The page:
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How indecent dressing precipitates sexual harassment on campus

How indecent dressing precipitates sexual harassment on campus

It is a universal truism that sexual harassment is as old as the human social system and culture. Little wonder those trading in this merchandise sees it as a profitable venture in many tertiary institutions across the country.

A fact remains, however, that sexual harassment does not have the same interpretation among borders and boundaries of the world, as the prevalence of sexual harassment in the education sector varies from country to country.

Many tertiary institutions in Nigeria seem to have lost their pride of place as the ivory towers of the past and have become arenas for sexual victimisations.

Sexual harassment surfaces on campuses across Nigerian tertiary institutions every now and then, and the frequencies of complaints have increased over the years. It is either the lecturers harassing the students with the sex for marks syndrome rampant on campuses or the students luring lecturers into this immoral act with their body languages and/or provocative dressings.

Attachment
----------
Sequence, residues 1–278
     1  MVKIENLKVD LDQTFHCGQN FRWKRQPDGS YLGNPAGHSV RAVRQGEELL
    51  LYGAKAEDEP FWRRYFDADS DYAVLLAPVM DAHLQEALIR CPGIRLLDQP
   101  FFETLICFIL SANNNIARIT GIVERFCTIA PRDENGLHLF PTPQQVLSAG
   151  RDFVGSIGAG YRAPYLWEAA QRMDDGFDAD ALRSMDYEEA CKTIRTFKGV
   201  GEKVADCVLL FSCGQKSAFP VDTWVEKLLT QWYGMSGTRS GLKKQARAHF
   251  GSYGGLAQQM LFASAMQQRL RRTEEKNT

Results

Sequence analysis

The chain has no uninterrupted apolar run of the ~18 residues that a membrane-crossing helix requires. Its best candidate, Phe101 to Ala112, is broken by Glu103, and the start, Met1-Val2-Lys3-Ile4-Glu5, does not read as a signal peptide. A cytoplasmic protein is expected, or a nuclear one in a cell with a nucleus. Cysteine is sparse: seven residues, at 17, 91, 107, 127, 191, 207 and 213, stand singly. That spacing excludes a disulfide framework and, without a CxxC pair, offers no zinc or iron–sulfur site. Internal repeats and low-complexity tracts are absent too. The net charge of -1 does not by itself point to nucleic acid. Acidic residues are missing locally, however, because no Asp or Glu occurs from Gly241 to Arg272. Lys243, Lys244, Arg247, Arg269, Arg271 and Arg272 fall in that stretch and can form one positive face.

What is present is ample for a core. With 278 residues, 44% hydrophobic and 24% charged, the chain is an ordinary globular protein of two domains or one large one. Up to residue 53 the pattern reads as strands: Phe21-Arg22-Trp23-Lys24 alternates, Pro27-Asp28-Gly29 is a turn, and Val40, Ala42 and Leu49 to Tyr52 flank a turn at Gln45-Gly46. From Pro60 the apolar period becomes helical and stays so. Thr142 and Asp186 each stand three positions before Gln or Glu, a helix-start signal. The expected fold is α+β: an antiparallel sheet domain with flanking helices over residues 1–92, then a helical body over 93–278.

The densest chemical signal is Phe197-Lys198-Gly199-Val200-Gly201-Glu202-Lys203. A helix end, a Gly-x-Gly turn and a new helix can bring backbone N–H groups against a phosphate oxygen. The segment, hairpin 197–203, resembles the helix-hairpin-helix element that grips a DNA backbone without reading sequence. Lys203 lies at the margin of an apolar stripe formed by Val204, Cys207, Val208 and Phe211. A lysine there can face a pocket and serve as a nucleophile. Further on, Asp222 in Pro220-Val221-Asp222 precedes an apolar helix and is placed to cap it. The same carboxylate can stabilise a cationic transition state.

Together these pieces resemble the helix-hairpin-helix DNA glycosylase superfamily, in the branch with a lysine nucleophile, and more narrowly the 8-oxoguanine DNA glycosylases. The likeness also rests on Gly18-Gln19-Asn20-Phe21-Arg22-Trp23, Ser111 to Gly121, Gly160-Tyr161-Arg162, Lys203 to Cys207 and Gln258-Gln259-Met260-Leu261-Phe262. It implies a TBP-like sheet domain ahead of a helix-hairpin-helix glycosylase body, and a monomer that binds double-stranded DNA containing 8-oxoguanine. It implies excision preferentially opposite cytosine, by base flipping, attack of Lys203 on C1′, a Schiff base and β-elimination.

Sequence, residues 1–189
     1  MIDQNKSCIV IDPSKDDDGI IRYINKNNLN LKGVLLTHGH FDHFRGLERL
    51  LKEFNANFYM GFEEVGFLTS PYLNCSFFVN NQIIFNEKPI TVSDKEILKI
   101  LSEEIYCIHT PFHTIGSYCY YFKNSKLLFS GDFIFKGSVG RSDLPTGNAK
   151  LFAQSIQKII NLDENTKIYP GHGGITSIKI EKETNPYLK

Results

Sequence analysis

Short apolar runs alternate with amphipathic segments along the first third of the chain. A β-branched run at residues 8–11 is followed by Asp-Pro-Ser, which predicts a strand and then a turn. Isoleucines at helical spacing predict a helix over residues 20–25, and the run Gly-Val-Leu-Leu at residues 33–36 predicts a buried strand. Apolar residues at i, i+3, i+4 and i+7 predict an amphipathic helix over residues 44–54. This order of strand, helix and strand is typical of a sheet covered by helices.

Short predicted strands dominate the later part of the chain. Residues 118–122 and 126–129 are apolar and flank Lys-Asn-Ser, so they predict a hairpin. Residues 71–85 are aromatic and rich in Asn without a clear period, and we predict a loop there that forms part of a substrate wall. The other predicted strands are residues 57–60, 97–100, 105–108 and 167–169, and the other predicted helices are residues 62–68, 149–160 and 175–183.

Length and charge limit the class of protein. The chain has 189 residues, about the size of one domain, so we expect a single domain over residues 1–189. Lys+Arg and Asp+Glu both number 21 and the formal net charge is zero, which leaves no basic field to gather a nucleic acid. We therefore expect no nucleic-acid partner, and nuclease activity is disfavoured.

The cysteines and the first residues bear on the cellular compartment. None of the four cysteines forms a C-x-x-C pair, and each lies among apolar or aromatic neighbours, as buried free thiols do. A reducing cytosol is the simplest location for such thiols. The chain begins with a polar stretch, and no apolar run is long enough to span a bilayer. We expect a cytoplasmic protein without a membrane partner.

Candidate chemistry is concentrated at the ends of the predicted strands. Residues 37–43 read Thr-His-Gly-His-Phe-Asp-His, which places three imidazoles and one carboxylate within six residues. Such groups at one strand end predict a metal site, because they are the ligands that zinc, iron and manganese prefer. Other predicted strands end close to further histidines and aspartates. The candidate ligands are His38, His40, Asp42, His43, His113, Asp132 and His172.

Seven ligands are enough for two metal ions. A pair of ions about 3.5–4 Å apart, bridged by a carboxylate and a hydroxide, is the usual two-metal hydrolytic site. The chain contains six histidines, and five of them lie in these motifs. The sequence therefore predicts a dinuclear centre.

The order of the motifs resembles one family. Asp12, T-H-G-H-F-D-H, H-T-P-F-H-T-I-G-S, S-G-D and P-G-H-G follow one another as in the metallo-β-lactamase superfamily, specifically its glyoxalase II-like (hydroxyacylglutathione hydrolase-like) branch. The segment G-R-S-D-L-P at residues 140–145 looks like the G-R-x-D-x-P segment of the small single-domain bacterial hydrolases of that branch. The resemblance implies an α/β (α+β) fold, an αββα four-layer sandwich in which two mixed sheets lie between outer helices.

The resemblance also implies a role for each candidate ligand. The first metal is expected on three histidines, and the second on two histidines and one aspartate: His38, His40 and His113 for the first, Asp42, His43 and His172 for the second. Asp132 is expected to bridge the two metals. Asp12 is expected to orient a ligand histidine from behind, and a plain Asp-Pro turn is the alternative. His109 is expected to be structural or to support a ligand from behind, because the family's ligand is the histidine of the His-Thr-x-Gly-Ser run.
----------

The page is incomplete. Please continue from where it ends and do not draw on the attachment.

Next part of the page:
On Sunday, January 8, 2018, many facebook users were bombarded with the news of a graduate of Obafemi Awolowo University (OAU), Ile-Ife, Funke Dezarn, who called out Francis Fakoya, a former lecturer at OAU over sexual harassment allegation.

Besides, Funke said the lecturer deliberately failed some other medical students who refused to have sex with him.

Similarly, a leaked audio conversation between the lecturer and a female student, Monica Osagie was leaked on the Internet on Monday, April 9, 2018.

In the viral audio, the professor could be heard asking the unidentified lady to have sex with him five times before he would increase her examination score from 33 to a possible pass mark.

After two months of investigation, Akindele was dismissed from OAU on Wednesday, June 20, 2018, and the incidences continue across the education sector in the country.

In the same vein, Babatunde Oseni, the principal assistant registrar at the University of Lagos (UNILAG) was trapped in a sexual harassment scandal following a report filed against him at the security unit of the institution by a female colleague.

The accuser, Tawa Akande, a level six library assistant attached to the maintenance unit of the institution, submitted written complaints and audio clips as evidence.